The primary difference between the varieties of malt extract is color. Differences in color can be achieved through various means, including altering the kilning time and temperature, the mashing method, and the variety of barley used. However, manufacturers rarely disclose the exact ingredients or methods used to produce extract. Despite this, there are some generalizations that we can make regarding the use of each variety of malt extract:
- "Extra Light" generally is used for pilsners or other straw-colored beers
- "Light", "Gold, or "Pale" are three names for very similar products. They are great as a fermentable base for most pale ales and some lagers, or used in conjunction with the amber or dark extracts and/or with specialty grains.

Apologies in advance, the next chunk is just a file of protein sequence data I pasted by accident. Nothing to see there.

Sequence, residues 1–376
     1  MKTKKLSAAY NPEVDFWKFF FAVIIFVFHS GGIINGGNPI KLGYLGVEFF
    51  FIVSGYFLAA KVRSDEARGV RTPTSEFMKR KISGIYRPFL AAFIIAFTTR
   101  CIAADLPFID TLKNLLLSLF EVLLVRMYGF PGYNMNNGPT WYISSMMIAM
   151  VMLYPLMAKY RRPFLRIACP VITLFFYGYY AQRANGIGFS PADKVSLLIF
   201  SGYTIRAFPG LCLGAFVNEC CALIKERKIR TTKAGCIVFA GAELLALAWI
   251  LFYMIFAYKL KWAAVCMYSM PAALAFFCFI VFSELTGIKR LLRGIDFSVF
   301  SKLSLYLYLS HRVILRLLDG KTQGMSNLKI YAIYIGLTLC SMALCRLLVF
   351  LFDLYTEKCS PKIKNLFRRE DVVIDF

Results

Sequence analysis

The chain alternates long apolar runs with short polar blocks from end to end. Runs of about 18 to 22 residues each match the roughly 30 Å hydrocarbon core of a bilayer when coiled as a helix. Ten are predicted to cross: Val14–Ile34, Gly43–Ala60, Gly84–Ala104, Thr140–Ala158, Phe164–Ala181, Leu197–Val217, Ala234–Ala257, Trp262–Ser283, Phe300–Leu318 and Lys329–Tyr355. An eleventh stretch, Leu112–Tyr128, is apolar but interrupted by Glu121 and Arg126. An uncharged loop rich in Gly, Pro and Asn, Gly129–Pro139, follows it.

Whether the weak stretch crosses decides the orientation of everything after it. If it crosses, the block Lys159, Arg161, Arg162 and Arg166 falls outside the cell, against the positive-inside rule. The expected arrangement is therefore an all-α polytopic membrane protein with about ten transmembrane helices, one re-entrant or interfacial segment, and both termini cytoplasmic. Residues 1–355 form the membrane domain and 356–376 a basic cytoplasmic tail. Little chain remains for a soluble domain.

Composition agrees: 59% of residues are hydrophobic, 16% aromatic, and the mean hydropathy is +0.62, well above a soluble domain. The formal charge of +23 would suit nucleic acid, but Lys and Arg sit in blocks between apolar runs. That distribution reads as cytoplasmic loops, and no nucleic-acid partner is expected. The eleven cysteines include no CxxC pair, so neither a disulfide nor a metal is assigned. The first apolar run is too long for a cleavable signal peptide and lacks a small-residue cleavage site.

- "Amber" is darker and with more residual sweetness than the "Extra Light" or "Light."
- "Dark" can be used for Porters and Stouts but needs to be infused with portions of chocolate and/or roasted barley to achieve varying degrees of those flavors, which are desirable for the style. This is because dark malt extract does not contain appreciable levels of these types of grain.